Ashes victories and the stock market

Last year, I took a brief look at the possible ramifications of England victories in Ashes matches against Australia. Having expanded the research, it appears victories in this August contest are frequently followed by stock market rallies.

The euphoria around Ashes triumphs is often linked with an upturn in consumer confidence, but the little that is known about its impact on financial markets is much debated.

Since 1985, the six-month period following an Ashes series has seen the winning side’s country's stock market increase by an average of almost 10%. This compares to an average annual gain for the FTSE 100 of around 6% per year since its launch in 1984.

Key Findings

- Stock market of winning side rises by average of nearly 10% in six months following victory
- Average rise after an English win (14%) about twice that for an Australian victory
- English wins in Australia were followed by higher average gains than victories on home turf
- Biggest rises followed England’s 1987 win (34%) and Australia’s 1995 victory (18%)
- Ashes defeats have little effect on stock markets

England may have won fewer series than Australia over the last twenty years, but its victories seem to have had more of an impact on investor confidence – the average FTSE 100 rise after an English win (14%) is around twice that for the ASX 200 following an Australian triumph.

The series linked with the biggest stock market gains were England’s win in 1987 and Australia’s in 1995, with the FTSE and ASX rising by 34% and 18% respectively.

English victories in Australia were associated with average FTSE raises of 17% – 7% more than for series triumphs on home turf. By contrast, the average ASX gain following Australian wins Down Under was 9% – double that for victories in the birthplace of cricket.

The graph below shows the average return for markets in the wake of Ashes series:

250314 A

The table below shows the average returns over a number of time periods, including the overall average/averages for home and away wins for England and Australia.

 

1 week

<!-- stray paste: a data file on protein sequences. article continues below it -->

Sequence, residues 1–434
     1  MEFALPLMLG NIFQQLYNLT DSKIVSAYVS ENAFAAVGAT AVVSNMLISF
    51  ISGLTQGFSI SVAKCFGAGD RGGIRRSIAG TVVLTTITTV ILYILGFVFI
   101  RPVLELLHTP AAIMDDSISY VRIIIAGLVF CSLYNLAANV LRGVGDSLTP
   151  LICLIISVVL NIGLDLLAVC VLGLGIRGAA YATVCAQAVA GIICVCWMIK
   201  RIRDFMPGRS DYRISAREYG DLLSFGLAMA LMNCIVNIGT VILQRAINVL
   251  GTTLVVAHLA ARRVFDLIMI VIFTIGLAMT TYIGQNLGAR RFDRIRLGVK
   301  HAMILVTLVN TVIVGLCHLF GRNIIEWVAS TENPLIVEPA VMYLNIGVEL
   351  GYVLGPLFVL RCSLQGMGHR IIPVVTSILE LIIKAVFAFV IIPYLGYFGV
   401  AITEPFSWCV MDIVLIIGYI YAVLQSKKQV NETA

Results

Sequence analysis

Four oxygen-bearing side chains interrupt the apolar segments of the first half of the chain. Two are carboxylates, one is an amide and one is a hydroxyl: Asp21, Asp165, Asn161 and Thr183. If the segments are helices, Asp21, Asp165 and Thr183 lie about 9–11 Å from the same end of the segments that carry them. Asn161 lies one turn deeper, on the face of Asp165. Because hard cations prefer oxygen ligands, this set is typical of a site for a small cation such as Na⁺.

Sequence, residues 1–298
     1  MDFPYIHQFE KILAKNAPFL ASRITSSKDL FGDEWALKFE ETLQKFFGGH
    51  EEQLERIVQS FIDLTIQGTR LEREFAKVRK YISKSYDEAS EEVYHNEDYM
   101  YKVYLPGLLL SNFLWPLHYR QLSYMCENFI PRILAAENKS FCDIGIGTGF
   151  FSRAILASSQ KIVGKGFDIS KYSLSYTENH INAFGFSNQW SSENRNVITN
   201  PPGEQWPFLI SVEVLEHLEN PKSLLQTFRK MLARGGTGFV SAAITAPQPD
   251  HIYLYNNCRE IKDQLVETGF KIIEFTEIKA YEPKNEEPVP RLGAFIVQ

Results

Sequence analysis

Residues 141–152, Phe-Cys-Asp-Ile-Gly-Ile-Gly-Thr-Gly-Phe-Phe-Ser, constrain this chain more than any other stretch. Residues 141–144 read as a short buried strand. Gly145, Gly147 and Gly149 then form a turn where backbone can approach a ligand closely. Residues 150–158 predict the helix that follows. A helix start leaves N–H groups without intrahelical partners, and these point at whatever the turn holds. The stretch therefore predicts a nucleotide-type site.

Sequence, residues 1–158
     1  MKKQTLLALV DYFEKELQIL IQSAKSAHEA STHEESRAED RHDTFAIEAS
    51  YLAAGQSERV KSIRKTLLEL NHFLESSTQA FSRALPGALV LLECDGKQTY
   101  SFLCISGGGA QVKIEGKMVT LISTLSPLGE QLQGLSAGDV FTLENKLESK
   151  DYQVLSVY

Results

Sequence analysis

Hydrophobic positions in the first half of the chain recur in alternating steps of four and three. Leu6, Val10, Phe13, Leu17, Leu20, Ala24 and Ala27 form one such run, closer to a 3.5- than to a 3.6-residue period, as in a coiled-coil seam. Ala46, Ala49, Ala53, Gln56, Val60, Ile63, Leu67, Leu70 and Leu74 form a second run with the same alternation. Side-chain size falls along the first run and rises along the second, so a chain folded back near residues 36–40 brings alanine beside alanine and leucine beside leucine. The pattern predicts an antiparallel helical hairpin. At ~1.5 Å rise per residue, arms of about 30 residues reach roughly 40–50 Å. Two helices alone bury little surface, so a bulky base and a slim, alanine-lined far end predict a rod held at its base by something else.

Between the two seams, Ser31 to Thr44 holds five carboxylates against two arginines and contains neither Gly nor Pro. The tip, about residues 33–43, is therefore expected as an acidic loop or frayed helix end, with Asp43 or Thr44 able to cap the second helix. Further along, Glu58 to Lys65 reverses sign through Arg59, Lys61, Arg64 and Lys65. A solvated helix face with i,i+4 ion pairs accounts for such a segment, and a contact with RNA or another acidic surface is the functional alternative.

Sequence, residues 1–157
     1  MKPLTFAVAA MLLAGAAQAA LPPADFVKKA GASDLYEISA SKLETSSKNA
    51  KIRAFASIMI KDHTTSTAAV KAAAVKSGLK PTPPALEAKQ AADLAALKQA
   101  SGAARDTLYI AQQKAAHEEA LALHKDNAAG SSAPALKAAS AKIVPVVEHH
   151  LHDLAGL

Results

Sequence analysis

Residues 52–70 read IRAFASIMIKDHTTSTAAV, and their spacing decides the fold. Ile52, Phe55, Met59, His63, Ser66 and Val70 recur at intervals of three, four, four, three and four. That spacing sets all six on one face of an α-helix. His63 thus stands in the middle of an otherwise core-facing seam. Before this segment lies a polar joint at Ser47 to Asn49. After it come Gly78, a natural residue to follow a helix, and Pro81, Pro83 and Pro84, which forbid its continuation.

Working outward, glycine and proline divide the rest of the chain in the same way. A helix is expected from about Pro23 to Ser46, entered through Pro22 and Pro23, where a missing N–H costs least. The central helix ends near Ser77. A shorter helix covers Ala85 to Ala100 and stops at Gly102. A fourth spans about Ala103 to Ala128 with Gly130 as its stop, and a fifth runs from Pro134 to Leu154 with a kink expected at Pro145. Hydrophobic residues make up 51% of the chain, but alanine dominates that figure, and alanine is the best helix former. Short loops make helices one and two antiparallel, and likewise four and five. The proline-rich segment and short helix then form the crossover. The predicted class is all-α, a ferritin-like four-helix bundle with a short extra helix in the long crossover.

1 month

2 months

6 months

Overall average

-0.36% 0.07% 1.77% 9.50%

Eng wins in Eng

0.04% 1.00% 3.83% 10.22%

Eng wins in Aus

-0.17% 3.16% 5.59% 17.32%

Aus wins in Eng

-1.12% -2.92% -0.33% 4.46%

Aus wins in Aus

-0.27% -0.18% -0.64% 8.65%

 

Our research found that Ashes defeats had little effect on stock markets, which indicates that risk appetite – while enhanced by sporting victory – is barely changed by failure on the field.

The timing of the Ashes series is also crucial. Summer series tend to end in early September, coinciding with the beginning of the traditionally strong autumn period for stock markets (from the adage, ‘Sell in May, go away, and don’t come back until St Leger’s Day' i.e. early September.). Winter series end in January, and so the six-month period examined in our research only just intrudes into the traditional summer lull for markets.

This information has been prepared by IG, a trading name of IG Markets Limited. In addition to the disclaimer below, the material on this page does not contain a record of our trading prices, or an offer of, or solicitation for, a transaction in any financial instrument. IG accepts no responsibility for any use that may be made of these comments and for any consequences that result. No representation or warranty is given as to the accuracy or completeness of this information. Consequently any person acting on it does so entirely at their own risk. Any research provided does not have regard to the specific investment objectives, financial situation and needs of any specific person who may receive it. It has not been prepared in accordance with legal requirements designed to promote the independence of investment research and as such is considered to be a marketing communication. Although we are not specifically constrained from dealing ahead of our recommendations we do not seek to take advantage of them before they are provided to our clients. See full non-independent research disclaimer and quarterly summary.

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